The Private Eye - looking closely and thinking by analogy with jeweler's loupes and inquiry method for hands-on interdisciplinary science, art, writing, math, and more

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BEVERLY RADFORD "Introducing The Private Eye to Costa Rica School Children"
Retired Co-Director, Alabama Hands-on Activity Science Program
University of Alabama at Birmingham



Language barriers?  Not when you are practicing The Private Eye Process!  The Private Eye loupes and questions transcend language barriers!  That’s what I found out when I introduced them to a group of elementary students at Escuela Agua Azul near La Fortuna, Costa Rica, in February (2016).  What an extraordinary experience for us all!

First, a little back story.  Joan Dawson and I are Certified Private Eye Trainers for Alabama and we have been huge fans of the program since 2002.  Of all the teacher workshops we’ve facilitated/conducted over the years, The Private Eye has made the most impact on our teachers and their students. 

Fast forward to January 2016. 

My husband and I planned a 2-week trip with the Overseas Adventure Travel company (part of Grand Circle) to explore Costa Rica; partly because they travel in small groups (there were 12 of us) and because it promised to be an adventure/learning experience.  (Boy, was that right!)  But here’s where The Private Eye comes in.  The itinerary called for A Day in the Life of a Costa Rican Village.  We were told we would visit a pioneering family’s homestead (descendants of the original natives), visit the local school, then enjoy local cuisine at one of the homes in the village.  School supplies and/or donations for the school were encouraged.  As soon as I read that, I knew exactly what I wanted to do!

After conferring with our trip leader (Eddie Recio; beyond amazing) and The Private Eye Project, we added to our already overflowing luggage two class sets of loupes, recording notebooks with the title and information regarding the gift in English and Spanish, and handouts listing the Private Eye questions in Spanish (and English).  Eddie arranged with the teachers and principal for me to do a little lesson with a small group of the children in how to use the loupe and the first question:  “¿A qué más me recuerda?”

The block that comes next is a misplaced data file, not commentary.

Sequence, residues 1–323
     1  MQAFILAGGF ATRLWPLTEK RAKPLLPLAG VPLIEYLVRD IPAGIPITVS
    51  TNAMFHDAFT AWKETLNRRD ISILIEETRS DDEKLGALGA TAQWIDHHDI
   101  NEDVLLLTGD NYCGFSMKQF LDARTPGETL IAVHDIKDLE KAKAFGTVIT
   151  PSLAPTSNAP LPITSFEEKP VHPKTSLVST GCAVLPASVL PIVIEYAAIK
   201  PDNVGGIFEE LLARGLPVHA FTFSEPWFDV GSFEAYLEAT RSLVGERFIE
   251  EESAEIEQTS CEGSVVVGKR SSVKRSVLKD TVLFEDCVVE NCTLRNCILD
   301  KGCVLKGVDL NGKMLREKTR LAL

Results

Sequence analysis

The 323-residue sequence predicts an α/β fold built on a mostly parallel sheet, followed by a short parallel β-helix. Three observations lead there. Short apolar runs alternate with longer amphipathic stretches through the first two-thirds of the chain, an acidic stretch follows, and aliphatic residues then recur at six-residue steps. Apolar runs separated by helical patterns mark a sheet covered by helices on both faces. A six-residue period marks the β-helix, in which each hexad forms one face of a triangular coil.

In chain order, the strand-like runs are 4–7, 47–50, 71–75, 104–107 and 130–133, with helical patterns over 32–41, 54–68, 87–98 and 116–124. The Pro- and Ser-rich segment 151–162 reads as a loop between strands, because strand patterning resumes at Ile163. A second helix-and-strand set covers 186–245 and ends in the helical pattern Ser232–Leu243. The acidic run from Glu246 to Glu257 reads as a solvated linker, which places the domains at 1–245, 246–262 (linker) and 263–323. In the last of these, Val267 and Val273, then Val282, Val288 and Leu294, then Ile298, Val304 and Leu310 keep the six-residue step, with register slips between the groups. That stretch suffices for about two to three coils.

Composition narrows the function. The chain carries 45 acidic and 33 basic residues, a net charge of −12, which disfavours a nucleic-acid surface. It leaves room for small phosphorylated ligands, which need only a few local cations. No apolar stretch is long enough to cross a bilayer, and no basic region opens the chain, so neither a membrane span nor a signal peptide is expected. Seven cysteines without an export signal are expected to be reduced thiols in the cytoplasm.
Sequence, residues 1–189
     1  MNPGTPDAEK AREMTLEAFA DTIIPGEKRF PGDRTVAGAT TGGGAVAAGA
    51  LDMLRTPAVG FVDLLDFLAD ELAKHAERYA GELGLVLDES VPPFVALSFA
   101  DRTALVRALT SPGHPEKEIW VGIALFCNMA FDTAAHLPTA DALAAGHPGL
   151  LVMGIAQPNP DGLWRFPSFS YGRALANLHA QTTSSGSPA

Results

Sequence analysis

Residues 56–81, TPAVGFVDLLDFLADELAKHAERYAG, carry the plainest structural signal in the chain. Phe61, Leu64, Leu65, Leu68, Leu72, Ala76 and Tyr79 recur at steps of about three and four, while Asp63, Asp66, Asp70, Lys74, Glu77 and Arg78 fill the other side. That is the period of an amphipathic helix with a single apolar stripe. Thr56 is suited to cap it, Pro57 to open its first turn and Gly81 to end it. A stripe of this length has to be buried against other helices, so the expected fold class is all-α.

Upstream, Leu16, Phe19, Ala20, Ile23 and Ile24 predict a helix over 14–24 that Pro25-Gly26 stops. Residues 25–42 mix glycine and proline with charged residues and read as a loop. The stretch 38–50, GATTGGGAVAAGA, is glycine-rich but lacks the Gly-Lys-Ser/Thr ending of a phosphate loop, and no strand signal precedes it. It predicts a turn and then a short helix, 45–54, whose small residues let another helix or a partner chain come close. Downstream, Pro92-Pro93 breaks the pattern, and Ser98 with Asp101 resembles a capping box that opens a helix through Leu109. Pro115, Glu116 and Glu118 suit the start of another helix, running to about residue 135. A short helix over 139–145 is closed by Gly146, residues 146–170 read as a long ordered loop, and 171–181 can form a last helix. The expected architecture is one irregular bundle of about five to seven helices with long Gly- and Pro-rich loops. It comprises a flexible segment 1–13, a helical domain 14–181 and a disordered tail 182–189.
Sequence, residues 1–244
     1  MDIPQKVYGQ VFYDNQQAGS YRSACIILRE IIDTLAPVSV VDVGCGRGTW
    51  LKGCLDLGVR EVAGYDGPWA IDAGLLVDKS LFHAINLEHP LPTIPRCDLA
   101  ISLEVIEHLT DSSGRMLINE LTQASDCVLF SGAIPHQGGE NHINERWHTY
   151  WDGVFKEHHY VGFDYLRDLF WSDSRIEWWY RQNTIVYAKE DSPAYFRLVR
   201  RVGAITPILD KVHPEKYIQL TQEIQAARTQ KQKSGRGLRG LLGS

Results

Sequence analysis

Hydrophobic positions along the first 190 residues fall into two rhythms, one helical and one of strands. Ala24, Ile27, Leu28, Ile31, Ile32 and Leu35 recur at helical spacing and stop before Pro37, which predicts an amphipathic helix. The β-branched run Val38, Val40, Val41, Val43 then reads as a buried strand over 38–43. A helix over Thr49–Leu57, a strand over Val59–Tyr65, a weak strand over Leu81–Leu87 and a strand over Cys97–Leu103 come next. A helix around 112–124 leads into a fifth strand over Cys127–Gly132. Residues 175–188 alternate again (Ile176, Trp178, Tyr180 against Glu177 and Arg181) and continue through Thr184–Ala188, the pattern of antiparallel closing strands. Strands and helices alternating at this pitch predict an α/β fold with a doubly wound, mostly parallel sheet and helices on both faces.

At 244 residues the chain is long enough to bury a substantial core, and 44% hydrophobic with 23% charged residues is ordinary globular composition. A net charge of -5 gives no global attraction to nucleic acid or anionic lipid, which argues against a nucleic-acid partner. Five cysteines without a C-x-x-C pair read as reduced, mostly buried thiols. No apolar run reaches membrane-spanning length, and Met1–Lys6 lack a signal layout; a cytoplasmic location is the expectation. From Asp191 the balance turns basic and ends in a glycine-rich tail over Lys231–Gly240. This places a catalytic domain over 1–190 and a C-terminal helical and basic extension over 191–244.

As they louped their hands and began calling out their thoughts, the principal was recording them in her own notebook while Eddie told me what the children were saying.  Once they seemed to be getting the idea, we let the children go outside to explore and the rest of our travel group paired up with them to help.  (The Private Eye Project provided loupes for the others in our travel group and we made sure they knew how to use them before the school visit.)  That gave us time to talk to the teachers, providing a little more info on the program.  They were very appreciative and promised to use everything we had given them and would send reports and pictures and questions. 

Since I’ve discovered Google Translate, and we always have Eddie, I’m hoping we can form our own little international learning community! 

When we left the school to go to our home-hosted lunch, it turned out to be the home of several of our students and their father, Louis, who also participated in our lesson (he was as excited as the students).  As soon as we got there, Louis Jr and his sister and cousins gathered their neighbor friends and were showing them the loupes and how to use them.  Of course the adults began giving their loupes to the neighbor children who did not get one at the school. They were louping everything.  Louis, Jr, was recording in his notebook. They couldn’t understand most of our language and we couldn’t understand most of theirs, but the Private Eye process created a lot of communicating that day, anyway.  It was a thrill for all of us.

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